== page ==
I’m the director of the Humanities Network and Consortium. It’s been fun, because we’ve actually started up our cafés again at the Weatherspoon, a once-a-month panel discussion. And I think that those moments of having on-campus discussions where you can have students from different disciplines faculty, in the same room discussing the same topic are critical for feeling like it’s campus again. It’s just been refreshing to know that we’re creating those informal moments of discussion. Because sometimes we think of the university campus as being in class, but we don’t remember that having coffee, seeing people walk in, having extracurricular things  – you get to go open your mind to something new. And that’s what the humanities are about and what college is about. It’s about going and finding the unexpected.”

Colby Borges, senior chemistry major

“Although this semester is still different with the safety precautions in place, many of us, including myself, returned to campus masked up and ready to be in person with the same ambition and excitement that we have had in typical semesters. Being able to interact with friends, colleagues, and professors on campus is what excites me the most, and even though the masks can be a nuisance at times, I would rather suffer through wearing them than not be able to be on campus at all. It was wonderful to see the Fall Kick-off occur on schedule, and it’s great to see intramural sports and other extracurricular activities going on, showing that we can bring enjoyment to campus while still minimizing exposure, which is just remarkable. It’s hard to pinpoint one particularly meaningful moment since returning to campus because I’ve already made so many wonderful memories, but being able to grab a coffee or meet with my professor and mentors again has been a real treat. Not to mention the return of Homecoming! If you were a freshman last year, I can only imagine how hard it was to be a part of a major change in college, but I will say that it’s great to see a parade of students marching down College Ave while shuffling between classes.”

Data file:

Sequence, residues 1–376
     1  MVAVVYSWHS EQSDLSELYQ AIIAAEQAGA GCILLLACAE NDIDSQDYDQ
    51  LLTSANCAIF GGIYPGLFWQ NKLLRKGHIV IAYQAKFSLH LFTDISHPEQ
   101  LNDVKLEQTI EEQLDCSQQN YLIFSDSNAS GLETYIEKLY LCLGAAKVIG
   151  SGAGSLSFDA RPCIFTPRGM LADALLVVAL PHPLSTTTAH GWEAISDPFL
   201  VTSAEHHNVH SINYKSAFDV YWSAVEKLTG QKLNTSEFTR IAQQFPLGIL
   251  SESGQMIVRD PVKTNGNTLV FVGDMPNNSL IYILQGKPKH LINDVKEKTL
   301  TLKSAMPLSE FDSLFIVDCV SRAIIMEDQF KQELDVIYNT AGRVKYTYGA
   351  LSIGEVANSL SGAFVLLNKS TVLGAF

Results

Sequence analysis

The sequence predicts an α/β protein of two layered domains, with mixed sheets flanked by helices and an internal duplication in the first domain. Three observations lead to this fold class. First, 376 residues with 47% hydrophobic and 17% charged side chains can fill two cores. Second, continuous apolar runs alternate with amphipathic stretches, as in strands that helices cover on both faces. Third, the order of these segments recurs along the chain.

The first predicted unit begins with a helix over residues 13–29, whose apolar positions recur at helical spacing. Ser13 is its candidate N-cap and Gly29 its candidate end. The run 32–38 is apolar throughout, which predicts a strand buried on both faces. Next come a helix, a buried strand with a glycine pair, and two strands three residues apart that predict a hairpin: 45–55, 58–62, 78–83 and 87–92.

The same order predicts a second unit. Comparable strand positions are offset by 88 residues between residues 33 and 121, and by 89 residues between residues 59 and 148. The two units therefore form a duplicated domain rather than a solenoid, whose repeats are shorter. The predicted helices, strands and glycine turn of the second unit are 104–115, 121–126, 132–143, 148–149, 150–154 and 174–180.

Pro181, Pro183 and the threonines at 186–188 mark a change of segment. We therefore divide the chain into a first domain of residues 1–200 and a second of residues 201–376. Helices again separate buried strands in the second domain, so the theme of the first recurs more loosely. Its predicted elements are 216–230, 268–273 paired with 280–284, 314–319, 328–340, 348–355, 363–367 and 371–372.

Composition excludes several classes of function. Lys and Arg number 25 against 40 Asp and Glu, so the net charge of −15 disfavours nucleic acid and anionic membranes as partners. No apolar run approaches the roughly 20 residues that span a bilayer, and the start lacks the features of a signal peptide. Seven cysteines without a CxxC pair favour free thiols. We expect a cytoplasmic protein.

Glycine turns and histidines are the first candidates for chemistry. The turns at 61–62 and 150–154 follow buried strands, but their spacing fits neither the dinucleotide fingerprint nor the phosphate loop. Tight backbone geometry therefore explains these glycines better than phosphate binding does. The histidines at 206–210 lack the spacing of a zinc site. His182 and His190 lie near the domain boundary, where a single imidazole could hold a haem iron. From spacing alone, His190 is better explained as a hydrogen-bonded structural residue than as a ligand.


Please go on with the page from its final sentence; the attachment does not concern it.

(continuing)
Dr. DeAnne Brooks, Associate Professor of Kinesiology

“This has been another unique semester. Not quite like how we were pre-March 2020, but also not like how we were last year. I’d say this semester has been a hybrid – still lots of meetings on Zoom, and I’m teaching two classes online, but I’m back in the face-to-face classroom for one class, and I also get to see colleagues in a few face-to-face meetings.  

I’m still hyper aware of staying socially distanced while also trying to find those human connections. I’m a pretty laid-back person though, so I’ll continue going with the flow and making the best of each day.